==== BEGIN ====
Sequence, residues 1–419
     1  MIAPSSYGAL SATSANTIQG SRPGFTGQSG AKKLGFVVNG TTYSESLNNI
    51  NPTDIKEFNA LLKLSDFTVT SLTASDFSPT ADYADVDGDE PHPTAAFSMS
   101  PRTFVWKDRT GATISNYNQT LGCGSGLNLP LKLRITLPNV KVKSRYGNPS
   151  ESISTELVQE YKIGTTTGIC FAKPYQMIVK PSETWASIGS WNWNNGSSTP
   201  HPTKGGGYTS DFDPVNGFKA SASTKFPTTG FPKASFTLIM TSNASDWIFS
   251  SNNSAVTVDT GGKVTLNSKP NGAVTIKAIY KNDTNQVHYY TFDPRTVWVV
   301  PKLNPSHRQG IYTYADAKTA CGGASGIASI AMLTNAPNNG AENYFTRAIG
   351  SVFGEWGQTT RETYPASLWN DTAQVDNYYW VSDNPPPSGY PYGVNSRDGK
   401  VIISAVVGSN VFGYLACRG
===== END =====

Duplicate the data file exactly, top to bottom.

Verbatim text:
Sequence, residues 1–419
     1  MIAPSSYGAL SATSANTIQG SRPGFTGQSG AKKLGFVVNG TTYSESLNNI
    51  NPTDIKEFNA LLKLSDFTVT SLTASDFSPT ADYADVDGDE PHPTAAFSMS
   101  PRTFVWKDRT GATISNYNQT LGCGSGLNLP LKLRITLPNV KVKSRYGNPS
   151  ESISTELVQE YKIGTTTGIC FAKPYQMIVK PSETWASIGS WNWNNGSSTP
   201  HPTKGGGYTS DFDPVNGFKA SASTKFPTTG FPKASFTLIM TSNASDWIFS
   251  SNNSAVTVDT GGKVTLNSKP NGAVTIKAIY KNDTNQVHYY TFDPRTVWVV
   301  PKLNPSHRQG IYTYADAKTA CGGASGIASI AMLTNAPNNG AENYFTRAIG
   351  SVFGEWGQTT RETYPASLWN DTAQVDNYYW VSDNPPPSGY PYGVNSRDGK
   401  VIISAVVGSN VFGYLACRG